The framework was designed as a suggestion, and school districts can choose how to use it, if at all.
“Some of the districts would like to use this guidance to pre-make decisions,” Douglas said, citing the example of the Cherry Creek School District where officials have created a point system. The district would earn points for each area that rates green, and earn zero points for a category rated red. In Cherry Creek, a certain number of points would trigger a different learning model. Whether a similar points allocation is suggested as part of the final framework is still up for discussion.
Other districts, Douglas said, don’t want “absolutes,” and may instead use changes in the community measures to trigger a serious discussion about the status of schools.
An analysis of several metro area counties shows that Adams County, by these suggested measures, presents the highest risk for school reopenings, by case rate and positivity rates. The trend measure, however, has Adams County cases going down.
The county is home to at least two school districts, Mapleton and Westminster, which are opening to students in-person. Both districts have high numbers of people of color and families living in poverty, groups that have been highly impacted by COVID-19.
Steve Saunders, a spokesman for Westminster Public Schools, which opened Thursday, said all guidance is useful, but that Westminster has already crafted its own way of deciding if it’s safe to open schools. It’s based on the state’s current Safer at Home phase.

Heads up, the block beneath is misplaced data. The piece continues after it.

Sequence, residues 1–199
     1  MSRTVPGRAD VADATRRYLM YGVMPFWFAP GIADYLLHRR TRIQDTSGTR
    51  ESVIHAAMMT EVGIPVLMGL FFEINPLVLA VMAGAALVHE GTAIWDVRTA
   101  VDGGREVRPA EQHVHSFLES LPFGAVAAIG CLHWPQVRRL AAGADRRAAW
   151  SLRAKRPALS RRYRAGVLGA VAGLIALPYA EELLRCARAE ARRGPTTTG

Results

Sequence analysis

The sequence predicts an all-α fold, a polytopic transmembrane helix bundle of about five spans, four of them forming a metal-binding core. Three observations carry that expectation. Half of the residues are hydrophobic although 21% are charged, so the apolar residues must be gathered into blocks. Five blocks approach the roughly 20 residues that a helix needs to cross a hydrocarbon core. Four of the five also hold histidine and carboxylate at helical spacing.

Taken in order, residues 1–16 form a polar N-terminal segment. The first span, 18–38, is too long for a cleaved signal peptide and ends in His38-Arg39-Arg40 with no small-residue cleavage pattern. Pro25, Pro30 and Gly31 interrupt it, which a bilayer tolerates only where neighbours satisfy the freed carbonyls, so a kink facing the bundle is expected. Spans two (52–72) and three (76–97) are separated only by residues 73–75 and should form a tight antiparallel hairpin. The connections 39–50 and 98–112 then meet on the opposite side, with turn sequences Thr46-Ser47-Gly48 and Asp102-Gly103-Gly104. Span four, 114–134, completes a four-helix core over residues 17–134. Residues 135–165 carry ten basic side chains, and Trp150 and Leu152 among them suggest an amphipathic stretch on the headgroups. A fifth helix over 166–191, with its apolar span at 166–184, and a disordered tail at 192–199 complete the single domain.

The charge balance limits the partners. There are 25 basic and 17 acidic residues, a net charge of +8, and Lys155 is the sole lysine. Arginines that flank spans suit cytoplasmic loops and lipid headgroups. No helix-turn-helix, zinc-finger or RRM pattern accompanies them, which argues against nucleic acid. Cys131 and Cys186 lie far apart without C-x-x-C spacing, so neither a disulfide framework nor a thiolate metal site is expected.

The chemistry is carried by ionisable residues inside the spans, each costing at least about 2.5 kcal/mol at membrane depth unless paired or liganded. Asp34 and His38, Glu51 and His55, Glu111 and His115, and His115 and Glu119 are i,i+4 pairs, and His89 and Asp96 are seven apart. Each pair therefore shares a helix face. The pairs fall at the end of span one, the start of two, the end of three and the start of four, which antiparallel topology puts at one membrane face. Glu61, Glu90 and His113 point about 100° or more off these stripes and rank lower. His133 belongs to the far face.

“There is not one guiding document that we’re following, we’re creating our own,” Saunders said. “It is ultimately our decision and we’ve been in consultation with Tri-County Health.”
Adams 12, Adams 14, and the Aurora school district are all starting the school year online.
The Aurora school district boundaries are within both Adams and Arapahoe counties. Douglas said his agency is considering compiling data for school district based on their unique boundaries, but so far does not have such data.
The Cherry Creek district, which covers portions of Aurora and other southeast Denver suburbs, developed its own set of health metrics over the summer, in cooperation with Tri-County, that Douglas said he considered as he and others drafted the new framework.
These were presented publicly at the end of July. Superintendent Scott Siegfried said he was getting tremendous pressure from every direction on school reopening, and he wanted firm numbers to guide his decision.
And to help the community trust those metrics, he waited a week after presenting it before deciding whether to open.
“What I wanted the community to see was: I didn’t bake this in,” he said Thursday. “I didn’t know what the data was going to do that week. I presented it, and then watched with everyone else. And fortunately the data did get better. So we were able to start in person, as we had planned. But if the data had gotten worse, we would have started remote.
“Watching the real data, the science, the evolving nature of it, that was important.”